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Showing posts from August, 2016

Multiple Remote Git Repositories and Branches in Eclipse

Sometimes, when using Git repositories and the Eclipse IDE, we want to access other remote repositories within the one we are currently using.
One example, which I will use as the scenario for the steps below: a team converted existing code and its history to Git from another source-control management tool, with separate repositories for closely related but distinct release points. When they need to make a fix to a past release, on the past release's "hotfix" branch, they want to do as little work as possible to bring that fix into the current cutting-edge "dev" branch of their main repository.
Other writers have offered How-To's for the git command-line steps to do so. What I will do is to show how the setup and configuration can be done within the Eclipse IDE (I used Mars for the screen-shots).

Git Reset in Eclipse

Using Git and the Eclipse IDE, you have a series of commits in your branch history, but need to back up to an earlier version. The Git Reset feature is a powerful tool with just a whiff of danger, and is accessible with just a couple clicks in Eclipse.

In Eclipse, switch to the History view. In my example it shows a series of 3 changes, 3 separate committed versions of the Person file. After commit 6d5ef3e, the HEAD (shown), Index, and Working Directory all have the same version, Person 3.0.



How to do Git Rebase in Eclipse

This is an abbreviated version of a fuller post about Git Rebase in Eclipse. See the longer one here:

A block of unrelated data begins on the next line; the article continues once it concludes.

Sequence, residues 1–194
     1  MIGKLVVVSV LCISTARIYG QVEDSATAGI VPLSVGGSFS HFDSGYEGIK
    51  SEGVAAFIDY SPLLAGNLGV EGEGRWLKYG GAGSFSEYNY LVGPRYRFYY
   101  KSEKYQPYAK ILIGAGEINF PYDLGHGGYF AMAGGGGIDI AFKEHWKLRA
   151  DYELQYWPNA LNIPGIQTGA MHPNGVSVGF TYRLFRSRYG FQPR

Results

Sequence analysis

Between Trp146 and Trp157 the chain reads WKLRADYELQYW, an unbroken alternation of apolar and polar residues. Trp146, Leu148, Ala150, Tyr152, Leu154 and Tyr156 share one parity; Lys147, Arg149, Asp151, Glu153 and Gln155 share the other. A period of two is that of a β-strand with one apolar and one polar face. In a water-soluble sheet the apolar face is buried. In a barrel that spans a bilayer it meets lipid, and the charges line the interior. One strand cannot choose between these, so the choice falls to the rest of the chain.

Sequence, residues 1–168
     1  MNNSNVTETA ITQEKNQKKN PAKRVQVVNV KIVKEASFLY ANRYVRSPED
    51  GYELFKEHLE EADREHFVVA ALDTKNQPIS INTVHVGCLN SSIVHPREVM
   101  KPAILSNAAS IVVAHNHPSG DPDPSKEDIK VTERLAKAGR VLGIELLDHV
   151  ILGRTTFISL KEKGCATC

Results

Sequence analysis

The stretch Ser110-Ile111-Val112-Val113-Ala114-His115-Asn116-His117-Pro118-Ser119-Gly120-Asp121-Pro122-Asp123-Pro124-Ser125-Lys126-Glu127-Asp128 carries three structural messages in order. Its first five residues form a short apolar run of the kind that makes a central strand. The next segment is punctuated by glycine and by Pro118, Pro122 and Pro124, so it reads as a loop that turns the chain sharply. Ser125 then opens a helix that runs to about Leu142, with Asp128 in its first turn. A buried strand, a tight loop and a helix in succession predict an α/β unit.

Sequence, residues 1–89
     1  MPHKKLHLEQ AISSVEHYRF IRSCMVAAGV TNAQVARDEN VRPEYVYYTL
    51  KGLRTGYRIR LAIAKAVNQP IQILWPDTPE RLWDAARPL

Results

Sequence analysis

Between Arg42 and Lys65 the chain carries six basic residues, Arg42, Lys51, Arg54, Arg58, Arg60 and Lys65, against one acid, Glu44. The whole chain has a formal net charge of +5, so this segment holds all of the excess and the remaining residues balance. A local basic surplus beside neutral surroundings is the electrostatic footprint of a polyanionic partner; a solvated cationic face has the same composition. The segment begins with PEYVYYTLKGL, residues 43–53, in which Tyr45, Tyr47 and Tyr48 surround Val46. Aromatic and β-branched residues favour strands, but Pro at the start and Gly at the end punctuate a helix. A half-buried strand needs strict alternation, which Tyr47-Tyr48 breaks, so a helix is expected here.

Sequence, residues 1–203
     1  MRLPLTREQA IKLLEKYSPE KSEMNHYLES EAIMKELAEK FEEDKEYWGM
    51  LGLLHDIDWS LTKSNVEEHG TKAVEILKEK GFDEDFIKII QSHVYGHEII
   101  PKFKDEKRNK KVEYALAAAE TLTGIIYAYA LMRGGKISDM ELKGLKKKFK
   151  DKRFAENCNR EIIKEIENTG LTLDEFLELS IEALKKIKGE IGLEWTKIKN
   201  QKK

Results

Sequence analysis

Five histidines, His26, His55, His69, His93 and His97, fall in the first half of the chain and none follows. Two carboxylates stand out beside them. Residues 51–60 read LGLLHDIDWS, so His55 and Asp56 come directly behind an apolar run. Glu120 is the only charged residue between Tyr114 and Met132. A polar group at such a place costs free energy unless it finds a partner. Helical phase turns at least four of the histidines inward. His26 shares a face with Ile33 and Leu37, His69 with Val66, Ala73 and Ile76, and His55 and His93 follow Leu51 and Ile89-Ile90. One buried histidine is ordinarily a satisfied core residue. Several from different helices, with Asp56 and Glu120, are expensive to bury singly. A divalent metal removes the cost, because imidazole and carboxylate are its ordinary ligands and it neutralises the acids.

One side-effect of merging Git branches is that it leaves a Merge commit. This can create a history view something like:
The clutter of parallel lines shows the life spans of those local branches, and extra commits (nine in the above screen-shot, marked by the green arrows icon).
Check out this extreme-case history: http://agentdero.cachefly.net/unethicalblogger.com/images/branch_madness.jpeg
Merge Commits show all the gory details of how the code base evolved. For some teams, that’s what they want or need, all the time.

Others may find it unnecessarily long and cluttered. They prefer the history to tell the bigger story, and not dwell on tiny details like every trivial Merge-commit.

Git Rebase offers us 2 benefits over Git Merge: First, Rebase allows us to clean up a set of local commits before pushing them to the shared, central repository. For this, the Eclipse EGit Rebase Interact…

Git Rebase in Eclipse

Note: I led the project to convert a team's Source Control Management tool and processes from Microsoft Visual SourceSafe to Git. This is an edited version of a How-To document I wrote and distributed in response to some questions about Merge vs Rebase in Eclipse.

As you know, I’ve been recommending using local Git branches to separate your projects. By that, I mean create a branch from the Dev branch, make your changes and commit them as often as necessary to your local branch, switch branches when you need to switch projects, etc.
One side-effect of using local branches is that when you bring your work into the main Dev branch, it leaves a new commit, a Merge commit. This means that, even though we do not have feature branches on the server, we can still wind up with a history that looks like this on the server:
We wind up with the clutter of parallel lines showing the life spans of our local branches, and extra commits (nine in the above screen-shot, marked by the green arrows …